The IRS does not view cryptocurrency as money but as property, so any exchange involving crypto is a property exchange. The way IRS sees it when you buy something with cryptocurrency, you are selling the crypto asset and simultaneously acquiring another asset with the proceeds of that sale.
Therefore, when you buy an NFT with crypto you’re not really getting taxed on the purchase of the NFT, that would be a sales tax. You’re getting taxed on the sale of the cryptocurrency which is considered a capital gain.
How are NFTs taxed?
Now that we’ve established the situations that result in the taxation of an NFT, let’s examine what taxes are incurred. Let’s break it down into three separate categories.
1. Taxing NFTs as a creator (LLC or sole proprietor)
NFT artists and creators who sell their own NFTs are considered to be a business or sole proprietors, so your gains will be taxed as ordinary income on your Schedule C when filing your taxes.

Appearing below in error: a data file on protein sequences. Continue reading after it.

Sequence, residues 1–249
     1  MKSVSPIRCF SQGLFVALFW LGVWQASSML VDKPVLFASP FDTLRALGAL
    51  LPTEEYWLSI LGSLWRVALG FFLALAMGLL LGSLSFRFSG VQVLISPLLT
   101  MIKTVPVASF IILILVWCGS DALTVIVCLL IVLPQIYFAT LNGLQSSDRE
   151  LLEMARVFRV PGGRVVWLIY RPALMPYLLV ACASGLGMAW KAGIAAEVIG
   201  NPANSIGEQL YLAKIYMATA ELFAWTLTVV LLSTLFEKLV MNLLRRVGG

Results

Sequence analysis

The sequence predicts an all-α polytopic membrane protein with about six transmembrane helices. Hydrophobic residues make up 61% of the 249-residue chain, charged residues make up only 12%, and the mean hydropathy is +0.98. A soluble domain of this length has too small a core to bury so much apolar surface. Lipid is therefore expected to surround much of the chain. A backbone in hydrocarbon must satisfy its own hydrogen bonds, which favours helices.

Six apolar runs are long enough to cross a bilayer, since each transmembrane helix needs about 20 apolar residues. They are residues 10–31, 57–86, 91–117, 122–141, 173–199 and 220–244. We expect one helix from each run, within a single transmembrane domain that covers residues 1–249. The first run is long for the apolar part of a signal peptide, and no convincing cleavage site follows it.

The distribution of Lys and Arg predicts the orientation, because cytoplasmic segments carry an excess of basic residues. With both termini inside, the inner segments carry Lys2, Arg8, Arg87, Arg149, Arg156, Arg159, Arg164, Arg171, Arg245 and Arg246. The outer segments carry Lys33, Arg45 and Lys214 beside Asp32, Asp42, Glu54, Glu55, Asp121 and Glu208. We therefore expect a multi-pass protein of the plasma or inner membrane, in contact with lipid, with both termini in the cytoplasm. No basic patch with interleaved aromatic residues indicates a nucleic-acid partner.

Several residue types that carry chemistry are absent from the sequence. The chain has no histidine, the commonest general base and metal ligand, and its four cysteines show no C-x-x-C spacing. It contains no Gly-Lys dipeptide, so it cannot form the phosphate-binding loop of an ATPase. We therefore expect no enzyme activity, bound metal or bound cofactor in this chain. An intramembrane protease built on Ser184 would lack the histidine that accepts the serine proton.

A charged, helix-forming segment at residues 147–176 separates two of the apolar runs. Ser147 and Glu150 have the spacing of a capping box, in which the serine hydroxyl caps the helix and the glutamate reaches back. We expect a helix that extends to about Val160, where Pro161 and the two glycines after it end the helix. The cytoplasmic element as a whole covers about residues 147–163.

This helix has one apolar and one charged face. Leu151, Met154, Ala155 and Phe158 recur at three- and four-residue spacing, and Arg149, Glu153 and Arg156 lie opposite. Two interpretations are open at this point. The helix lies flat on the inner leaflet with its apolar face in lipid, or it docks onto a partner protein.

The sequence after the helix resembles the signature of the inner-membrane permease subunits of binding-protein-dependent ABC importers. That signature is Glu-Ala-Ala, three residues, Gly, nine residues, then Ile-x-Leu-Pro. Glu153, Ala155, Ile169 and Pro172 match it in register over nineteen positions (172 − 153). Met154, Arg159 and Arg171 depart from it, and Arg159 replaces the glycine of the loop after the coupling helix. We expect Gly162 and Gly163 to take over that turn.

Technically, the creation of an NFT is not taxable, only the sale of it. However, since converting a digital file into a unique and secure asset on the blockchain (the process known as ‘minting’) will take computational time and power, the creator will likely be assessed a gas fee by the blockchain.
The gas fee is always paid in cryptocurrency. As previously explained, any transaction on the blockchain is a taxable event. However, this obligatory fee can contribute to the cost basis of the NFT, thereby reducing the taxable amount when sold.
In other words, the gas fee may be considered a business expense and thus may be eligible for a tax deduction.
2. Taxing NFTs as an investor
As an NFT investor who buys and sells NFTs, your gains and losses go on your Schedule D as capital gains and losses. Most people buying NFTs are doing so as an investment, this is exactly why the IRS treats them the same way it treats other investment property assets with a capital gains tax.
The capital gains tax works with a short-term and long-term divide. Short-term capital gains are taxed higher than long-term to encourage stable investing rather than quick, day trading type activity.